Purim comes from the word "pur" in Persian which means "lots" – as in, "Haman cast lots for the most 'auspicious' date to kill the Jews." The date fell on the 13th of Adar. The events of that date were turned around from a day of destruction to a day of victory and joy. We celebrate Purim on the 14th of Adar for "they gained relief on the fourteenth, which they made a day of feasting and gladness" (Megillas Esther 9:17).
In very few places – most notably in Jerusalem – Purim is celebrated the following day, the 15th day of Adar. The Sages declared that all cities which were walled cities at the time of Joshua should celebrate Purim the following day. This is to commemorate the extra day which King Ahashverosh granted Esther to allow the Jews of Shushan (the capital of Persia, which was a walled city) to deal with their enemies. In Shushan they gained relief on the fifteenth. The holiday celebrated on the 15th of Adar is called Shushan Purim.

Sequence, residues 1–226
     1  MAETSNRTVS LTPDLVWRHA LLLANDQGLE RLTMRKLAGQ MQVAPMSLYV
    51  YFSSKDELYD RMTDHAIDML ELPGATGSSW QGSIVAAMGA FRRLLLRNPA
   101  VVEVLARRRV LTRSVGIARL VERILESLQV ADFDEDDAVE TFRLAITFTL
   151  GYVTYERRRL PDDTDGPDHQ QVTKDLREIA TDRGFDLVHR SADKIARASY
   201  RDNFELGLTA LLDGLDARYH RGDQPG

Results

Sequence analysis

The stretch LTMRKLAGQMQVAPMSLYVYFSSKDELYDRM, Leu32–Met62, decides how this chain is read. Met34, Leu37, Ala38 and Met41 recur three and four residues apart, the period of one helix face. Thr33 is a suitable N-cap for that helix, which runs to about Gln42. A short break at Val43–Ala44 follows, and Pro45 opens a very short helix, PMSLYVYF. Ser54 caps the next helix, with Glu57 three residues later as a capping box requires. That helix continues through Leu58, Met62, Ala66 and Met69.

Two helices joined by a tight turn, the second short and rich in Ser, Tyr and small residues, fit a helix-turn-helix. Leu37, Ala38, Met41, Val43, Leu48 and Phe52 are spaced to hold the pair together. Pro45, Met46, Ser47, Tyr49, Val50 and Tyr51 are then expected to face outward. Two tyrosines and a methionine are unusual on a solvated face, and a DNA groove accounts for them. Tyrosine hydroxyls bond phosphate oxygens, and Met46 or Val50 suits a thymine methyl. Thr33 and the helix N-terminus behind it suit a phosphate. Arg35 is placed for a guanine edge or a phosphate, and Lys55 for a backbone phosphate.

There are two ways in which to try to destroy the Jewish people – physically and spiritually. Our enemies have attempted both. Chanukah is the celebration over those who have tried and failed to culturally assimilate us (the Greeks and Western Culture); Purim is the celebration over those who have tried and failed to physically destroy us (from the Amalekites to the Persians, ad nauseam).
Why do we masquerade with costumes and masks on Purim? As mentioned above, nowhere in the Megillas Esther does God's name appear. If one so desires, he can see the whole Purim story as a chain of coincidences totally devoid of Divine Providence. Just as we hide behind masks, but our essence is still there, so too God has "hidden His face" behind the forces of history, but is still there guiding history.